By Jerilynn C. Prior, MD, and Susan Baxter, PhD. Praeger Publishers, 2009. ISBN: 0-313-35398-0. Hardcover, 255 pages. $56.00.
I read this book essentially as a layperson might; my comfort with the details of reproductive endocrinology somewhere in the distant past.
I also kept in mind that there is controversy about estrogen and progesterone’s role in perimenopausal health, and that some practising physicians might reflexively disagree with Dr Prior’s belief that progesterone has more importance when it comes to easing the transition to menopause.
The book is well written, clearly laid out, and understandable to an educated reader. It points out what we now know are inconsistencies and outright errors in the previously widely accepted prescription of estrogen to normal women during their transition to menopause.
The most recent negative evidence of estrogen’s ability to improve the health of normal perimenopausal women is clearly reported, and throughout the text and appendices of this book evidence is presented that supports a trial of progesterone during the transition to menopause.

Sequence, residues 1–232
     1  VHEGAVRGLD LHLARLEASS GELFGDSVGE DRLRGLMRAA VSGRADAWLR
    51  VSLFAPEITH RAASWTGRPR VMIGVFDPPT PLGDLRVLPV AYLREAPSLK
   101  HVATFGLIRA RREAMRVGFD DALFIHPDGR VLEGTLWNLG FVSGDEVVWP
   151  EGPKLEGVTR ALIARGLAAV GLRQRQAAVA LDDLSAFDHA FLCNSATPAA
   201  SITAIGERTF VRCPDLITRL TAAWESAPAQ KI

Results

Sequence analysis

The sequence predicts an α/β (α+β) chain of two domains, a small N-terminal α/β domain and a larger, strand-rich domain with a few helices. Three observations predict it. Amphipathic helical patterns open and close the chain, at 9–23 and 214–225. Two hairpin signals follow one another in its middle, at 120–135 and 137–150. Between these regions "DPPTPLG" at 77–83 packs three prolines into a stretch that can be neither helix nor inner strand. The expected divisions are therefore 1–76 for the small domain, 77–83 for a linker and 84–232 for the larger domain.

I worry that the authors may, a bit too often, imply a conspiracy by medical and pharmacological leaders against acknowledging the truth of women’s natural hormonal changes, in the quashing of questions against estrogen, and the lack of interest in progesterone.
As true as the message may prove to be, the style sets a tone that may lead some physician readers who are more comfortable with cooler medical publications to dismiss it as overly zealous. I think the book offers a significant amount of information for both physicians “treating” and women approaching menopause, from both an estrogen and progesterone perspective. I’m really glad I read it.
I appreciated the clarification of terminology, the effort to demedicalize a natural process, and the confidence to look outside the box at commonly accepted doctrine surrounding what has been happening to women since the beginning of human life.
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